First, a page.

HANDS-ON WORKSHOPS FOR STUDENTS
Sign up for fun science and social studies workshops designed for single classes. Programs run for about 50 minutes. Registration and a $3/student, or minimum $45 fee is required.
With artifacts, images, and discussion, students will learn about the economic and cultural interactions between European Americans and Native Americans in the years prior to Michigan statehood.
Grades 1- 4
Students can see and try their hands at some of the everyday work of pioneers. Learn to spin, churn butter or try your hand with a flint and steel (can you make a spark?).
Three Fires Native Americans
Grades 1 - 3
Students learn about the history and culture of Michigan's first people through discussion and examination of artifacts. We recommend scheduling this class with the planetarium show Sky Legends of the Three Fires.
For grades 4-6
Students will isolate their 5 senses in engaging activities and then be challenged to use all 5 senses to experience the Museum’s exhibits in different ways.
For grades 4-7; advanced version grade 7
Students learn about the museum’s weather station, examine instruments for measuring weather conditions and learn how they work, construct and calibrate a simple wind vane and anemometer, take home instructions for making a barometer and rain gauge, and learn how to keep a weather diary.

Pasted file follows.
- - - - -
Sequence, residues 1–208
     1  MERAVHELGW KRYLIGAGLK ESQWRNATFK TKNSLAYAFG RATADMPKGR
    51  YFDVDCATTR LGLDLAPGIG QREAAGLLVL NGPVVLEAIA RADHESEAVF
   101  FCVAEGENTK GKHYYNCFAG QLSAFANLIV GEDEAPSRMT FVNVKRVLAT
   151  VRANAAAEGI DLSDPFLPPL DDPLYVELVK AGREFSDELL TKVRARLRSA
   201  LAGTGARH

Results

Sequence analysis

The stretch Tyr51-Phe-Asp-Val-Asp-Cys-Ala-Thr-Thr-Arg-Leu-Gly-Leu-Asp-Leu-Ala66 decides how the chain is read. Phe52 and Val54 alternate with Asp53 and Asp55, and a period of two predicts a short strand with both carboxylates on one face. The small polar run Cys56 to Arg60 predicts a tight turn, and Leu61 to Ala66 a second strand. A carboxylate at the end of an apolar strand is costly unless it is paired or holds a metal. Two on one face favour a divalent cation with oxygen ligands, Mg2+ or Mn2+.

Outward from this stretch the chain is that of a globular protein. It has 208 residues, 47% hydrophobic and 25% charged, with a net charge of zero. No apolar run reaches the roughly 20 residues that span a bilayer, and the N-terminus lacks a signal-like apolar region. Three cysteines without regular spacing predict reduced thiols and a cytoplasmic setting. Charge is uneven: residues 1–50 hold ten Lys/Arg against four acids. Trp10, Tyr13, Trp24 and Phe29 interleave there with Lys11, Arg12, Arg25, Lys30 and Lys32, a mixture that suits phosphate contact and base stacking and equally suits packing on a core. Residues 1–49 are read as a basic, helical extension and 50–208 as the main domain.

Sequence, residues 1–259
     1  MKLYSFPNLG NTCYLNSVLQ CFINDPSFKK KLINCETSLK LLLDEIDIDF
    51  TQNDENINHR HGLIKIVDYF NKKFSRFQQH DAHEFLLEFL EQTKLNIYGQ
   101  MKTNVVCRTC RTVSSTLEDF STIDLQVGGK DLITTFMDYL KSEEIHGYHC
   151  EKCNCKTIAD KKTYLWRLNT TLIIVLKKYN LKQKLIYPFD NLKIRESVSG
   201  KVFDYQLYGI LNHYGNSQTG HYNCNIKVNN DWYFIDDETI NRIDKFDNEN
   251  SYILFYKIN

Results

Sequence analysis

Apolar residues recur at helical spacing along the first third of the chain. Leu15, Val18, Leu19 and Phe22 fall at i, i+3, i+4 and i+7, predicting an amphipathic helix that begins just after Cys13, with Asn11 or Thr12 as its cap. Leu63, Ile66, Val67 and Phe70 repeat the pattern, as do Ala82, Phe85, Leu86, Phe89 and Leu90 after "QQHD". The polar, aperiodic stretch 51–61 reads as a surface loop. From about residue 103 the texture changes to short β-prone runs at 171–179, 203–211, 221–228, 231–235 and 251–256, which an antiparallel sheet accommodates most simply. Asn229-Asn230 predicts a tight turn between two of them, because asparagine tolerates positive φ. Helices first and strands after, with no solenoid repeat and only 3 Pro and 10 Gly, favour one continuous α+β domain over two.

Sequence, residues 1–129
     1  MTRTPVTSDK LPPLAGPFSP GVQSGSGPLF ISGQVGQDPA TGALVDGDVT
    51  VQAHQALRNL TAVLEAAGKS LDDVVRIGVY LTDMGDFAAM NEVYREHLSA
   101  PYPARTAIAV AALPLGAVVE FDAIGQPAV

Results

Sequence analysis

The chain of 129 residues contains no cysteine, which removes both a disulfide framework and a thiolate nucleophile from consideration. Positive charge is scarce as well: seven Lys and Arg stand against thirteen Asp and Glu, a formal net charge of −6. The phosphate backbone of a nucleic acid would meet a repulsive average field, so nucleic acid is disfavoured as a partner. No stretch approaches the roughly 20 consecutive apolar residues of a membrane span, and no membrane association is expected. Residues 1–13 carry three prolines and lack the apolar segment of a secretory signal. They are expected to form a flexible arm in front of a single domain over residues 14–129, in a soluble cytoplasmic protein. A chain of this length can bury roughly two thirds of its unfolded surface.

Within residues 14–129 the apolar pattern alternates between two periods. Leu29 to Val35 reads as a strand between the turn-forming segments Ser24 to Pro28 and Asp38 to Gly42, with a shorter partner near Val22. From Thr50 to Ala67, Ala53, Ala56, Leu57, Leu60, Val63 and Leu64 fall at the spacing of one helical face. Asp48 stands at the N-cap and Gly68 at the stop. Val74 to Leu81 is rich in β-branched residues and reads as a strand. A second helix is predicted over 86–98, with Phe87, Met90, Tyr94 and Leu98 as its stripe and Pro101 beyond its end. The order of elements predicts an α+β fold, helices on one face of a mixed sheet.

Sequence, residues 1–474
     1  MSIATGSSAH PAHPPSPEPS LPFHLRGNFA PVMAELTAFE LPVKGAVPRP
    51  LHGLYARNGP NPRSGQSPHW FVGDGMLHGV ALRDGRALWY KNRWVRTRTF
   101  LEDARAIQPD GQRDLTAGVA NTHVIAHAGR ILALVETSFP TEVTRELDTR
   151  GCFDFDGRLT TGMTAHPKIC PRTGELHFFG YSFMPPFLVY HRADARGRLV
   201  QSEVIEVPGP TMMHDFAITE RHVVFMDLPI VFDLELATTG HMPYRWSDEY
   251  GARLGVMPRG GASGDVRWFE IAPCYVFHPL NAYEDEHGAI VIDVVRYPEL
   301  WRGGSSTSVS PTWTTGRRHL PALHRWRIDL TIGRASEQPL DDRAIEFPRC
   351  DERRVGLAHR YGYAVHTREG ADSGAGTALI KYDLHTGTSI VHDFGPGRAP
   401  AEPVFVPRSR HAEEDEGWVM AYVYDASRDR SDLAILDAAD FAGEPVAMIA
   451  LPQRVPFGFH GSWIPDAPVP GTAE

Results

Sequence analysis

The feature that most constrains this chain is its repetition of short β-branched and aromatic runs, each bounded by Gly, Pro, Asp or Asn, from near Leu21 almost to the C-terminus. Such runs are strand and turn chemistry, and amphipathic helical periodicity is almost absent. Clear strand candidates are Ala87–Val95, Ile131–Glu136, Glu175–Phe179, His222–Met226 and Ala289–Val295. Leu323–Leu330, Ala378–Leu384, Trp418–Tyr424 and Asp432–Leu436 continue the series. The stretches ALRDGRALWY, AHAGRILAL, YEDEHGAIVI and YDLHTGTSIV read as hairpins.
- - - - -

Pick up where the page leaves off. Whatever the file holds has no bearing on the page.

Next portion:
For grades 4-6
Investigate Newton’s three laws of motion through demonstrations and tabletop experiments. Topics include mass, force, velocity, momentum, and acceleration. At the completion of this workshop, students will be able to describe the three laws of motion in their own terms.
Meet the Moon
For grades 5 - 8
Explore the Moon in this interactive workshop that explains the phases of the Moon, lunar and solar eclipses, and relative sizes of the Sun, Earth, and Moon. Students will make and take home a Moon phase visibility calculator.
Students will learn the basic recording techniques archaeologists use to catalogue and describe objects and will use these techniques to record important information about an artifact. We’ll look at some fragments of pottery, and students will work together in groups to draw, weigh, measure, describe, and answer questions about their ceramic fragment.
Site on the Floor Workshop
Students will learn how archaeologists use scientific methods – inquiry, observation, analysis – to learn about past cultures. We’ll focus on what has been found and found out at the Fort St. Joseph dig site in Niles, MI. Students will work independently and in teams to investigate the evidence left behind.
Ancient Observatories: You be the Architect Workshop
This workshop links some of our planetarium shows to the field of archaeology. Students will learn how ancient cultures have understood the phenomena in the sky and how those understandings were incorporated into their practices. They will work in teams to model solutions to the ancients’ questions about the sky.